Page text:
Friday, March 25, 2011
The desire to learn is often instilled in younger learners through the example of influential adults.
Two local teachers have been rewarded for wishing to set that good example, receiving grants to be used toward their own advanced education.
According to Karen Neitzel, Hood River Valley High School principal, the school received word that two high school level teachers had been selected for continuing education grants.
The James F. and Marion L. Miller Foundation, based in Portland, announced its 2011 Miller Teacher Awards recipients, including $4,991 for Haley Harkema, HRVHS English teacher, and $2,770 for Brooke LeBlanc, Center for Alternative Learning teacher.
Both teachers had to submit proposals for their continuing education plans. Each outlined desired goals to be reached as a result of the experiences.
Harkema will use her grant to attend the Oregon Writer's Project at Lewis & Clark College this summer.
The rigorous summer school focuses on strengthening teaching skills, allowing Harkema the opportunity to examine current teaching delivery, develop new lesson plans and learn effective methods to improve student's skills.
Over the academic year participants in the program will meet monthly to discuss the challenges and the successes in the classroom.
LeBlanc will use her grant to attend a three-week Spanish language immersion program in San Carlos de Bariloce, Argentina.
The program will provide LeBlanc experience in conversing in Spanish, leading to improved communications when interacting with Spanish-language-based students and their parents.
With improved language skills, LeBlanc anticipates assisting in math classes where only one Spanish-language-skilled teacher now presides.
According to the Miller Foundation website, the organization began the program to combat a major problem facing public high schools: the large number of teachers who drop out of the profession during their first five years of teaching.
In Oregon this attrition was 37 percent, according to a 2008 report by the Chalkboard Project.
To encourage more teachers to stay in the profession and improve their skills, the Miller Foundation offers professional development awards annually to provide public high school teachers with opportunities for growth and development, with the goal of strengthening their commitment to, interest in, and effectiveness in a long-term classroom teaching career.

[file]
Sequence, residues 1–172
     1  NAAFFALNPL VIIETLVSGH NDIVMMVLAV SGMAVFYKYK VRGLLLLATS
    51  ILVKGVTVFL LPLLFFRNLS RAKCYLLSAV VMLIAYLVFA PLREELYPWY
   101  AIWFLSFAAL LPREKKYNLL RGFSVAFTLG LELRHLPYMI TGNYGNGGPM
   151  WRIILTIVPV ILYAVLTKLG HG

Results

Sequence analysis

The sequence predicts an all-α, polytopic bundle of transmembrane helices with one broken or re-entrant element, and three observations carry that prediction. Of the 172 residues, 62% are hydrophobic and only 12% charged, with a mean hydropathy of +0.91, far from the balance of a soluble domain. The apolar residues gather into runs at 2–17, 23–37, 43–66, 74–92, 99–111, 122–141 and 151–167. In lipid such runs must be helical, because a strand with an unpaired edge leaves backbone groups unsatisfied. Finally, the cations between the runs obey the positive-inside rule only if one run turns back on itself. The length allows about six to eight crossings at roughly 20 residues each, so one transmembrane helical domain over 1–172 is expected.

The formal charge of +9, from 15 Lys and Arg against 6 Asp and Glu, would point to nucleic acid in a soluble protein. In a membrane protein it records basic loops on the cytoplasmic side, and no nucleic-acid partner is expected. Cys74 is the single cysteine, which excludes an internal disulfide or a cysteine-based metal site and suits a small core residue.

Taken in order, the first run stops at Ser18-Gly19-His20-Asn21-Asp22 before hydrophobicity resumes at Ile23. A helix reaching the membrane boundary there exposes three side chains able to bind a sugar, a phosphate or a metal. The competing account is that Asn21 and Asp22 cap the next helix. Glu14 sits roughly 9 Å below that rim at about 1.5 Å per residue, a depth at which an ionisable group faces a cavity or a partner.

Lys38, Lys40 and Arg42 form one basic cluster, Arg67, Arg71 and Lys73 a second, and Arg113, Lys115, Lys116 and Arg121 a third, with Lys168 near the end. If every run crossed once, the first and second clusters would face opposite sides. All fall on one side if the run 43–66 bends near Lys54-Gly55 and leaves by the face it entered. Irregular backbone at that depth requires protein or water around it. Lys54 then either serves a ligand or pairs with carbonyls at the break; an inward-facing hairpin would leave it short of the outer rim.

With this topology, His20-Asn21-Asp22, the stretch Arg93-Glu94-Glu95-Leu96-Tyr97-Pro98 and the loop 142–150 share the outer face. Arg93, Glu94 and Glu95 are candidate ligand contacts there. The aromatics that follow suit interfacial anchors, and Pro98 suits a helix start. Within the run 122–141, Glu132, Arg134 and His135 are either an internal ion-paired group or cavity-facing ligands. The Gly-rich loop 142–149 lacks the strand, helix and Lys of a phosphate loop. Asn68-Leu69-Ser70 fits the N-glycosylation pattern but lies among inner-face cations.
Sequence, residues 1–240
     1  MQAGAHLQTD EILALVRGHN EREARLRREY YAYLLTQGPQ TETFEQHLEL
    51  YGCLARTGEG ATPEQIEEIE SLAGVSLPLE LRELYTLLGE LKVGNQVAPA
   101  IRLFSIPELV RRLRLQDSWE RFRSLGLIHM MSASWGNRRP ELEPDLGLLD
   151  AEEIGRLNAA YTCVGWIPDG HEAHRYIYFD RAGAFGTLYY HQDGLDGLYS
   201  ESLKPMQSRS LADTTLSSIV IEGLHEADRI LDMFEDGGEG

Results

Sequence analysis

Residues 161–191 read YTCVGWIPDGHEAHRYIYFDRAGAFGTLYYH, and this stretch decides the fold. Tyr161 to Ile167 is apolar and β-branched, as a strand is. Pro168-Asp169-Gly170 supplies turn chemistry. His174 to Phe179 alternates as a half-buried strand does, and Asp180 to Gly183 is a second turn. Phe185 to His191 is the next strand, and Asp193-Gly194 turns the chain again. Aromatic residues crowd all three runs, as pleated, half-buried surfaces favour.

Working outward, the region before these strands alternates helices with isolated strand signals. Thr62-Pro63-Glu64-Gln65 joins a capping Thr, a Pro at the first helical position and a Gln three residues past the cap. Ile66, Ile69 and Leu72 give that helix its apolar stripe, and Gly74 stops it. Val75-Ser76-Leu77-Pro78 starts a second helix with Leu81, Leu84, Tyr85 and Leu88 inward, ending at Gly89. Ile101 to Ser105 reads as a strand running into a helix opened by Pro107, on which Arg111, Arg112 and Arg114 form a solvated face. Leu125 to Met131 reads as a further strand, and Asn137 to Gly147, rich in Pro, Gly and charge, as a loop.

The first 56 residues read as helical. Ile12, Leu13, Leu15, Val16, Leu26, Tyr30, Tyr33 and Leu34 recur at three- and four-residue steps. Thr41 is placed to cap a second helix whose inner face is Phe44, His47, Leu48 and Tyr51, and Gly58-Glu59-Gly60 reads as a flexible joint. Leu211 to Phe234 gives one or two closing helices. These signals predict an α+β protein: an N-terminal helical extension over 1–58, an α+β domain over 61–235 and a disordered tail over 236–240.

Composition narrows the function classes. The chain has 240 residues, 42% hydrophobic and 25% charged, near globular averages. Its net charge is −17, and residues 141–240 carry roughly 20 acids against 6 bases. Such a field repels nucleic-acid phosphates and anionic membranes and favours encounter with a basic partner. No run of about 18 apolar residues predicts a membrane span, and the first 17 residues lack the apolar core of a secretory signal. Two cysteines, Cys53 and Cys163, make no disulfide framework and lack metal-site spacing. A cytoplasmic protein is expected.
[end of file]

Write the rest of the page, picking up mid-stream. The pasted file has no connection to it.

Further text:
The ultimate goal is helping teachers pursue activities that will stimulate and nurture student achievement. The awards range from $1,000 to $5,000, depending upon the nature of the individual projects.
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Parkdale third graders sing "12 Disaster Days of Christmas"
Welcome to your sing-able Christmas gift list. What follows is an emergency rendition of “12 Days of Christmas” – for outfitting your home or car in case of snow storm, earthquake, flood or other emergency. Read it as a simple list, or sing it to the tune of “12 Days” – you know, as in “ … and a partridge in a pear tree…” Not to make light of it, but the song is a familiar framework for a set of gift ideas that you could consider gathering together, even if the recipient already owns items such as a bunch of coats, tire chains and flashlights. Stores throughout the Gorge are stocked up on all these items. Buying all 12 days might be prohibitive, but here are three ideas for checking any of the dozen off your list (notations follow, 1-12.) The gift items needed to stay warm, dry and safe are also coded to suggest items in your abode (A) in your car (C) or both (B). 12 Gallons of Water (A) 11 Family meals (B) 10 Cans of propane (A) 9 Hygiene bags (B) 8 Packs of batteries (A) 7 Spare coats (B) 6 Bright red flares (C) 5 Cozy blankets (B) 4 Tire chains (C) 3 Flashlights (B) 2 cell phone chargers (B) 1 And a crush-proof first aid kit (B) Price ranges? Here’s a few quotes for days Three, Two, Four and Nine: n A family gift of flashlights (three will run $15-30, Hood River Supply, Tum-A-Lum) n Cell phone chargers (two will run $30-60) n Tire chains (basic set, $30, Les Schwab, returnable if unused for the winter) n Family meals ($100 or so should cover the basics for three or four reasonably well-fed days) n The home kit should be kept in a handy place near an exit, and remember that water needs to be replenished every few months. If you have a solid first aid kit already, switch out the gift idea with “and-a-sto-o-u-t- tub-for it-all …” Otherwise, it’s a case of assembling your home or car kits and making sure all members of the family know what the resources are and how to use them (ie flares and propane). Emergency situations are at worst life-threatening, at best deeply uncomfortable if you and your family are left without power for an extended period, or traveling and find yourself in a situation where you need to wait out a storm, lengthy traffic delay, or other crisis. Notes on the 12 gift ideas: 12 – Gallons of water: that’s one per person in a four-member family to last for three days, the recommended minimum to be prepared for utility outages. 11 – Easy-open packaged goods, energy bars, dried food and nuts are good things to include for nutrition. Think of what your family of four needs for three days to stay fortified and hydrated (see number 12). Can-opener also recommended 10 – If you have a propane camping stove, keep extra fuel handy. 9 – Hygiene bags: put packaged moistened towelettes, toilet paper, and plastic ties in large garbage bags (for personal sanitation) Resource list courtesy of Hood River County Emergency Management, Barbara Ayers, manager/ 541-386-1213. The county also reminds residents to Get a Kit, Make A Plan to connect your family if separated, and Stay Informed. See www.co.hood-river.or.us to opt-in for citizen alerts. Enlarge